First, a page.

Making resolutions is a pointless pastime
Ah, the beginning of a new year and a new decade. With this new page in the history books comes a lot of resolutions. People promise themselves they will lose weight, read more and get a better job, and that’s fantastic. The New Year’s resolution is in place for people to attempt to better themselves, and for that I salute them.
Me, I don’t really see the point of making a resolution. Generally, if I’m going to do something, I’ll just do it. Which leads me to the point: Why do people wait until the new year to promise themselves to lose weight or whatnot? As far as I see it, living a healthy life is an everyday prerogative. A person should encompass good habits not as a resolution for a while, but as a lifestyle.
The same goes for getting a job or changing something radically about one’s life. People are creatures of habit. We like a certain norm, a pattern of behaviors we follow comfortably.
People vow to change things about that norm, and from casual observation, I’ve noticed things like that just don’t happen. No one wants to disrupt a comfort cycle for any reason. So, when someone declares something radical, I pretty much expect failure. I know, that’s a very defeatist take on the New Year’s resolution, but it tends to be accurate.
My suggestions for resolutions would be simple things, such as trying to go for a jog once a week or read a book a month. Those are fairly easy actions to add to a busy college lifestyle. Those things will also suggest repetition. Jogging and reading tend to be activities that will beget themselves into one’s future.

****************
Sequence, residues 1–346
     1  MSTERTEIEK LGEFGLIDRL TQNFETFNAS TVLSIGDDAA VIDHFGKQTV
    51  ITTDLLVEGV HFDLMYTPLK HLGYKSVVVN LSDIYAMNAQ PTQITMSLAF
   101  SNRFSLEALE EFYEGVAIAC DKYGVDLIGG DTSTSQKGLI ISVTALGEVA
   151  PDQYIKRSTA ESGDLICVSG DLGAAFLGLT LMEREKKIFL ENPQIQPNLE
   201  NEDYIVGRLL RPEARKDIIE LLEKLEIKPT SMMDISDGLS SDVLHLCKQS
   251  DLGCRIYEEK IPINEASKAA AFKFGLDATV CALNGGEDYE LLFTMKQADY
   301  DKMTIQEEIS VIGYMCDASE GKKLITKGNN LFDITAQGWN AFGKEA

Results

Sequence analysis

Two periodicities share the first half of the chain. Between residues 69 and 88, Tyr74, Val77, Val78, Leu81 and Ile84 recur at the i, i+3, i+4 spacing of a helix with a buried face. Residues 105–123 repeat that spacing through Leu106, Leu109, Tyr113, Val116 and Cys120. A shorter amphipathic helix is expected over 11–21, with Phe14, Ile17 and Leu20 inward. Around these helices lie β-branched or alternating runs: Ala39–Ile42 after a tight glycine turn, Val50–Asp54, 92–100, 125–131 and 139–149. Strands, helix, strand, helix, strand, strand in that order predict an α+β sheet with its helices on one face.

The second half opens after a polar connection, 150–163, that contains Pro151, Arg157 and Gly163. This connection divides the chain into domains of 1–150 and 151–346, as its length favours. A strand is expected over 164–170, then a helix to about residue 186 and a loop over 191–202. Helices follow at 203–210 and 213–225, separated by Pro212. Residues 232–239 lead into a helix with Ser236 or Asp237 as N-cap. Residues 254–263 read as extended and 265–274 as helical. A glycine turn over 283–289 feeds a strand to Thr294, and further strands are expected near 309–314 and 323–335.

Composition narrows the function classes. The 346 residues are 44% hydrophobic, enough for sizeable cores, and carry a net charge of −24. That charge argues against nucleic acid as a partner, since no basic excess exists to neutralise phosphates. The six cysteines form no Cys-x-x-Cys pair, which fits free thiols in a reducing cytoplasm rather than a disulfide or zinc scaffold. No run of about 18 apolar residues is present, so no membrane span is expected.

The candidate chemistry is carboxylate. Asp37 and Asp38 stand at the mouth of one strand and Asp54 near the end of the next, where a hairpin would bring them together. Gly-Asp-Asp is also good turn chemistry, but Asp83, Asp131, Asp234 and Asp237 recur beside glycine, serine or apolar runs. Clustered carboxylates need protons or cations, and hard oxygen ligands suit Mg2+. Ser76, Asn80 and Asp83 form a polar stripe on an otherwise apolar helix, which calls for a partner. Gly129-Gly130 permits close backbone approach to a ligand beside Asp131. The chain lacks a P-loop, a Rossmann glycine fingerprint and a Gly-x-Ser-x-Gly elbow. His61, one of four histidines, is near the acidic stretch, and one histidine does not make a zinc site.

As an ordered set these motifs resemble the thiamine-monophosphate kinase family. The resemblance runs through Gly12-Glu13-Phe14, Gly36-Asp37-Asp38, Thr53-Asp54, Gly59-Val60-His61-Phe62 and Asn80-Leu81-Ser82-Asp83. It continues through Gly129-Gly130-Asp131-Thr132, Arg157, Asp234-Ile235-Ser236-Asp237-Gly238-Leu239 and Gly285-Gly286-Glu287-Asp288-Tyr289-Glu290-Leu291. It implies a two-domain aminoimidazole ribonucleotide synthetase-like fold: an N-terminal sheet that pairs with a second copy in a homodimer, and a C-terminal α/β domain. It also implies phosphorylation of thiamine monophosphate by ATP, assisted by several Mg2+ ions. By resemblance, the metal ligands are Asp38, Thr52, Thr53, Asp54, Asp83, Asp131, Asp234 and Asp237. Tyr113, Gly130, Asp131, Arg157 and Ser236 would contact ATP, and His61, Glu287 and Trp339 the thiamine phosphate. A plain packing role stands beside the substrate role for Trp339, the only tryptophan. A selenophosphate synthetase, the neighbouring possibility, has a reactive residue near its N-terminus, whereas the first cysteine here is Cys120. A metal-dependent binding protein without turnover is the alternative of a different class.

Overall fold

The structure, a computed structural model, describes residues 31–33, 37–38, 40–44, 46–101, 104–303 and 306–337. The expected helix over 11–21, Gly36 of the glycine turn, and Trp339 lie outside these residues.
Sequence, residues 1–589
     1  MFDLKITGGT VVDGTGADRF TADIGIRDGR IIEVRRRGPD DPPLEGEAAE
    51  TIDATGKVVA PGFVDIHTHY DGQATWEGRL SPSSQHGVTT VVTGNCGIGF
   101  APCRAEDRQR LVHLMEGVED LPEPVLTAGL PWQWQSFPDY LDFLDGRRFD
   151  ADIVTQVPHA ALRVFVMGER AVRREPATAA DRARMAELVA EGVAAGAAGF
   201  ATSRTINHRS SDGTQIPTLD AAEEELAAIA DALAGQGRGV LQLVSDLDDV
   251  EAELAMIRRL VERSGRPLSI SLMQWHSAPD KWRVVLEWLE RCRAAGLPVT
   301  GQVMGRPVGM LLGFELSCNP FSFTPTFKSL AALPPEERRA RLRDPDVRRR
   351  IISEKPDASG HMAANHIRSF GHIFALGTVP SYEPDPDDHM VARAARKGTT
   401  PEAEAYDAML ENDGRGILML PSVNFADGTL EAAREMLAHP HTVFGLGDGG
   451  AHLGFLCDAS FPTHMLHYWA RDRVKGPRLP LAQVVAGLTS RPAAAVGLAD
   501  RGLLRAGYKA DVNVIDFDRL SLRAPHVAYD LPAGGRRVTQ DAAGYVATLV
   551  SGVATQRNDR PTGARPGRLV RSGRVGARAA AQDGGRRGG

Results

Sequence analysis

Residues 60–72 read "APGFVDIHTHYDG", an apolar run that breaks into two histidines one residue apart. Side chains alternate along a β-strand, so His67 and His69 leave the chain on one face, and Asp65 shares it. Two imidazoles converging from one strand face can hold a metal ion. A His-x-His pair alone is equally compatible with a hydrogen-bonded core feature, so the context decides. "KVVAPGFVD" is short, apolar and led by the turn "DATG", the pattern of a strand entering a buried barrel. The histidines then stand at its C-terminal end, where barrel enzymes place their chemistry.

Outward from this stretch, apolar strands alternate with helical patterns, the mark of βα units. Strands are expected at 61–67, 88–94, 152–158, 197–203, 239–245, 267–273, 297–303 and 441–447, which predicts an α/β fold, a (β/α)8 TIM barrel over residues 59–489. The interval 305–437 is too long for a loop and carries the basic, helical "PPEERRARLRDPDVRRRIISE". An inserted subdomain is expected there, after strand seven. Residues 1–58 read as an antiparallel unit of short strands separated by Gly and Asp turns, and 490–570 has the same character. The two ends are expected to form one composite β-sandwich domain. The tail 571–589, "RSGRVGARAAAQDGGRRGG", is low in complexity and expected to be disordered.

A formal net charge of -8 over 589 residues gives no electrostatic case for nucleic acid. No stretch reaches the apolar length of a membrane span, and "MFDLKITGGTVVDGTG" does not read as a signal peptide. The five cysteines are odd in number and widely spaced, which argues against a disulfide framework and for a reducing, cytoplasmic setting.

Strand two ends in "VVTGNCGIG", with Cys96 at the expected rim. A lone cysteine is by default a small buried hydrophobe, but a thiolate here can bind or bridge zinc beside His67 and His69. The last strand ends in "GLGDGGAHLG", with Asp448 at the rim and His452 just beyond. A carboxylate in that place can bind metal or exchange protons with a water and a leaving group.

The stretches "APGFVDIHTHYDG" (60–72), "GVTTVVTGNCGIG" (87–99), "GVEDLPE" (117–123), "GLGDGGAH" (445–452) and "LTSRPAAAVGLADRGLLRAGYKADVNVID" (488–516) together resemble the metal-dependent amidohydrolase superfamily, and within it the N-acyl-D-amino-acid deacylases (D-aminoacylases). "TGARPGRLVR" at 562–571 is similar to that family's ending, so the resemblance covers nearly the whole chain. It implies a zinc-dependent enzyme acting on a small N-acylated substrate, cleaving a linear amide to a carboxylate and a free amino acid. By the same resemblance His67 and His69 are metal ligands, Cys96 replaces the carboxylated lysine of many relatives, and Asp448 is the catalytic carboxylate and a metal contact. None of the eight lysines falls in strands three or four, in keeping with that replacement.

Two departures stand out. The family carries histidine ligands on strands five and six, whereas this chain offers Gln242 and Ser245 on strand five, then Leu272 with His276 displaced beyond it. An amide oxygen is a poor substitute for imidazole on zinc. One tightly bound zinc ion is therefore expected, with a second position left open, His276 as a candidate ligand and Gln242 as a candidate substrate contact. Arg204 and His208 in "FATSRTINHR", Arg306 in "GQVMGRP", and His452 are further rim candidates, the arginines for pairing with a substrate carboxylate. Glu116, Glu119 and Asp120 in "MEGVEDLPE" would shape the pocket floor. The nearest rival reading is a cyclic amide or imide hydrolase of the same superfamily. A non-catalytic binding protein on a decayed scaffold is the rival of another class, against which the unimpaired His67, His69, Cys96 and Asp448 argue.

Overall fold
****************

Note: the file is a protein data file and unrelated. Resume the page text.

For the people like me, good work. I think, and no offense to you, New Year’s resolutions are dumb.
Many great thinkers have proposed time is an illusion, with our calendar dates and holidays doubly enforcing that idea. See, time is relative. It’s an idea, given meaning by the people who believe in it. Our New Year isn’t corresponding to the Chinese New Year. In fact, the Chinese don’t even have a set date for the New Year celebration. They follow the idea each new year is based on complete lunar cycles.
It’s ideas like that cause dissension between different groups of people. Do you think the English celebrate the Fourth of July, our independence day? I’m sure they don’t. In fact, I feel that time of the year embitters some people who live there.
Our celebration is like a big “screw you” to the motherland, and I’m sure some of the people see it that way. The same thing goes for religious holidays. What I’m saying is, what’s the point of assigning so much value to such trivial things?
For people who actually do make New Year’s resolutions, power to you, just make sure you can keep your promise to yourself.